Engineering starts early

Engineering is catching on in elementary schools, reports the New York Times.

Supporters say that engineering reinforces math and science skills, promotes critical thinking and creativity, and teaches students not to be afraid of taking intellectual risks.

“We still hear all the time that little kids can’t engineer,” said Christine Cunningham, director of Engineering is Elementary, a program developed at the Museum of Science in Boston that offers ready-made lessons, for about $350 each, on 20 topics, and is now used in all 50 states, in more than 3,000 schools.

“We say they’re born engineers — they naturally want to solve problems — and we tend to educate it out of them.”

STEM (science, technology, engineering and math) programs are in favor, and high-tech businesses want Congress to fund K-12 engineering education. But some question how much students are learning.

There’s nothing new about projects like building Lego robots or designing an egg drop, says Janine Remillard, an associate education professor at the University of Pennsylvania,

“Ideally, you want them to come away with knowledge that goes beyond that problem,” Professor Remillard said. “They could just go through the motions and end up with a robot that can do a particular thing, but the next problem they face will be a new problem. This is where good teaching comes in.”

In Glen Rock, N.J., a high-performing district near New York City, teachers “plan multiday projects, often built around classic and popular stories like the Three Little Pigs, and take students step by step through the engineering process: design, build, test, evaluate.”

First graders were recently challenged with helping a farmer keep rabbits out of his garden.

In teams of four, they brainstormed about building fences with difficult-to-scale ladders instead of doors and setting out food decoys for the rabbits. They drew up blueprints and then brought them to life with plastic plates, paper cups, straws and foam paper.

Then they planned to test their ideas with pop-up plastic rabbits. If the fences were breached, they would be asked to improve the design.

“It gets your brain going,” said Elizabeth Crowley, 7, who wants to be an engineer when she grows up. “And I actually learn something when I’m doing a project — like you can work together to do something you couldn’t do before.”

The kindergarten class designed wolf-proof homes for the three little pigs.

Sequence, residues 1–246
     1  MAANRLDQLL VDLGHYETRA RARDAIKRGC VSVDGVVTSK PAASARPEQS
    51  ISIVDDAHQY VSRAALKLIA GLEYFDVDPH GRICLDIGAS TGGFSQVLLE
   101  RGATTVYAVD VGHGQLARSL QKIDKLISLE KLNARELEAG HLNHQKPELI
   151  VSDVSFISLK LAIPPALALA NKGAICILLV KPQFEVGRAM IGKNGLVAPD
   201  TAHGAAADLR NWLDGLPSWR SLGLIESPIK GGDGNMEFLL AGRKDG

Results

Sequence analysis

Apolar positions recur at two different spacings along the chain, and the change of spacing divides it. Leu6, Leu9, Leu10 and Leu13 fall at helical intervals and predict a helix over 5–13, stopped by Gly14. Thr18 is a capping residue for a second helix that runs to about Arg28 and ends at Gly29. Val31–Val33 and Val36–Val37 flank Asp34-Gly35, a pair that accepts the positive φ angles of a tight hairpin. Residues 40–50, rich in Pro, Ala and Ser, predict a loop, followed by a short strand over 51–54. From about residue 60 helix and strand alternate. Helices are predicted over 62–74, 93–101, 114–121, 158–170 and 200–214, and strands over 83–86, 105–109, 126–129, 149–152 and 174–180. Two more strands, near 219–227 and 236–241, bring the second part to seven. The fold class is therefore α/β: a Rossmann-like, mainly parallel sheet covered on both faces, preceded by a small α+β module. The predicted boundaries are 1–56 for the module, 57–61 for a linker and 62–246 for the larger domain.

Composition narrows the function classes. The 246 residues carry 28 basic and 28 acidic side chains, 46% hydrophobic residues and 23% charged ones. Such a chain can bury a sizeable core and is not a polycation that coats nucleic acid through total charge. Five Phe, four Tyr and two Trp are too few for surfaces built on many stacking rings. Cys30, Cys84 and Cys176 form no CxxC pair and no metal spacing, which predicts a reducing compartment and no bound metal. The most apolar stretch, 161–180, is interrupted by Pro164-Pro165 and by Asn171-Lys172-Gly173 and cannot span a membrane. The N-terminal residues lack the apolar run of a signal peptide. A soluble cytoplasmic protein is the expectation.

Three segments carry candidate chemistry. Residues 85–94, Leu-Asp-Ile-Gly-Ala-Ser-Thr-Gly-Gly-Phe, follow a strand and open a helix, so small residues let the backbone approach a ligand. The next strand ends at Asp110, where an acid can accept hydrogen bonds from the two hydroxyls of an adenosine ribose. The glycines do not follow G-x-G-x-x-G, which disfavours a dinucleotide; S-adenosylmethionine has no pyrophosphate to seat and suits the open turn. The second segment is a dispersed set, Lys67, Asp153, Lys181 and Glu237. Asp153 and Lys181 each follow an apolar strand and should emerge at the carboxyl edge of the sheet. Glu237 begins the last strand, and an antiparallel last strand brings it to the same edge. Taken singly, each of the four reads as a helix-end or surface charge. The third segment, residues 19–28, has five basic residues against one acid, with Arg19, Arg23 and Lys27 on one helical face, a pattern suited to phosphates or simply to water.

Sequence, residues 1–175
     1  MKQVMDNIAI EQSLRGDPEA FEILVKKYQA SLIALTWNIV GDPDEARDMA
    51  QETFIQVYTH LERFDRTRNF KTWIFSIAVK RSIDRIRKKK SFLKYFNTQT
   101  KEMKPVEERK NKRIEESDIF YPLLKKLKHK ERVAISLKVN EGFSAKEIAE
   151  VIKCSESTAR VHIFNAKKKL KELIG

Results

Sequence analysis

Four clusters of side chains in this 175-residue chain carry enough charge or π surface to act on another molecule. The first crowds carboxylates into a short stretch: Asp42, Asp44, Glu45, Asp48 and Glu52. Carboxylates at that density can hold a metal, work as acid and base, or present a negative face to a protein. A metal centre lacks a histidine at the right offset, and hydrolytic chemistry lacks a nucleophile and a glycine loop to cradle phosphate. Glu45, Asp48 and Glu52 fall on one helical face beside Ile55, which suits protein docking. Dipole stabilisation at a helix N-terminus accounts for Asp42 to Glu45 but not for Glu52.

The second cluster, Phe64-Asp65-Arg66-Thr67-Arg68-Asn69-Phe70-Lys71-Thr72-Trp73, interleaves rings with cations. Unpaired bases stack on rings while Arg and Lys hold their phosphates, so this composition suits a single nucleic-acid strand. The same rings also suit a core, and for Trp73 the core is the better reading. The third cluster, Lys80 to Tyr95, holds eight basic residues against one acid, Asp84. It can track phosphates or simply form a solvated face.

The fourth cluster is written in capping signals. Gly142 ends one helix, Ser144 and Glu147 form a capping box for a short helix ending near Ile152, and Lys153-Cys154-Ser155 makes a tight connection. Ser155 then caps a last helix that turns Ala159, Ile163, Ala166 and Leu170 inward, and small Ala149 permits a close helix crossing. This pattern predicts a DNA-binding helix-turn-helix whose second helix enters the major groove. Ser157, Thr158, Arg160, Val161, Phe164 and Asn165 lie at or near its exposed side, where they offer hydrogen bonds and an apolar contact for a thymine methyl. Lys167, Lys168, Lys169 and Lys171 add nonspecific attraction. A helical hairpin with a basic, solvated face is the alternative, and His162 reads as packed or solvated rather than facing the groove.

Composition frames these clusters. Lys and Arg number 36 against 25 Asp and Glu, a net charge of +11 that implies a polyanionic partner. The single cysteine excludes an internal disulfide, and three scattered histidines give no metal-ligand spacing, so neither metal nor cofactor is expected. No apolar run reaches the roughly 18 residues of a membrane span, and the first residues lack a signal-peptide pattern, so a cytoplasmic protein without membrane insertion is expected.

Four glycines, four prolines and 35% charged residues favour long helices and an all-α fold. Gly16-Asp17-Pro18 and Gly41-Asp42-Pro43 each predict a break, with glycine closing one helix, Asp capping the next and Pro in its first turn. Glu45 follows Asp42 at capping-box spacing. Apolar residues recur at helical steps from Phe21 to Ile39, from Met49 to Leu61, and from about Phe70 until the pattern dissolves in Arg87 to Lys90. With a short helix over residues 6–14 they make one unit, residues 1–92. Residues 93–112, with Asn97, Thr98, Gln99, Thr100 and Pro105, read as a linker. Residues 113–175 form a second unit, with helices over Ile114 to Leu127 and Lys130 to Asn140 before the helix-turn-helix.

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Comments

  1. Roger Sweeny says:

    Engineering is “design, build, test, evaluate.” If you are testing on pop-up bunnies, or guessing that wolves can’t get into the pigs’ house, you are only doing the first two. It may be fun and it may be useful in some ways but it’s playing, not engineering.

  2. Ex-PhysicsTeacher says:

    Isn’t there a saying that nature must first be obeyed before it can be commanded?

    Isn’t it interesting how the education world is so good at only getting half the story. Consistently.

  3. George Larson says:

    What ever happened to building miniature models, working models or real machines as an introduction to engineering?

  4. It’s great that these children enjoy their projects, but it’s a mistake to convince them that it’s engineering. At best it’s iterative problem solving, which any decent machinist, farmer, carpenter, parent, etc. should be expected to do. Engineering as a discipline specifically involves the application of scientific/mathematical principles to design or develop a product or a process. By the standards exhibited in the rabbit-proof garden project (e.g., setting out food decoys) the typical scarecrow could be considered a piece of engineering.

    The irony is that some of the students who are most likely to be future engineers (predominately left-brained kids) will hate the the art-project portion of the project; i.e., bringing their project “to life with plastic plates, paper cups, straws and foam paper.”

  5. Judge Crater says:

    First graders were recently challenged with helping a farmer keep rabbits out of his garden.

    In teams of four, they brainstormed about building fences with difficult-to-scale ladders instead of doors…

    First graders s/b building basic skills (math worksheets) not brainstorming. Getting basic math completely ingrained at an early age is a key to have any kind of a real engineering future. At that age it should be all instruction, not brainstorming on projects with no direction.

  6. It’s kind of sad that the assumption is that children no longer have any opportunity (or need) to solve practical problems in their lives outside of school.

    BTW, I’ve read comments by engineering profs nearing retirement that back in the day, many of their talented engineering students were farm boys, who had real experience with solving mechanical problems where correct knowledge and calculation were important.

  7. EB…”comments by engineering profs nearing retirement that back in the day, many of their talented engineering students were farm boys, who had real experience with solving mechanical problems”

    Tom Wolfe had the same observation about engineers involved in the space program and the electronics industry.

  8. Richard Aubrey says:

    david.
    IIRC, Wolfe said that a scientist would have been an engineer except he had no manual skills.
    So, are Legos and erector sets useful educational tools or not?

  9. Kudos to the Glen Rock School District for integrating engineering into their elementary curriculum! Teaching engineering to elementary students can include reading, math, writing, science and technology. What a wonderful way to usher in the future!

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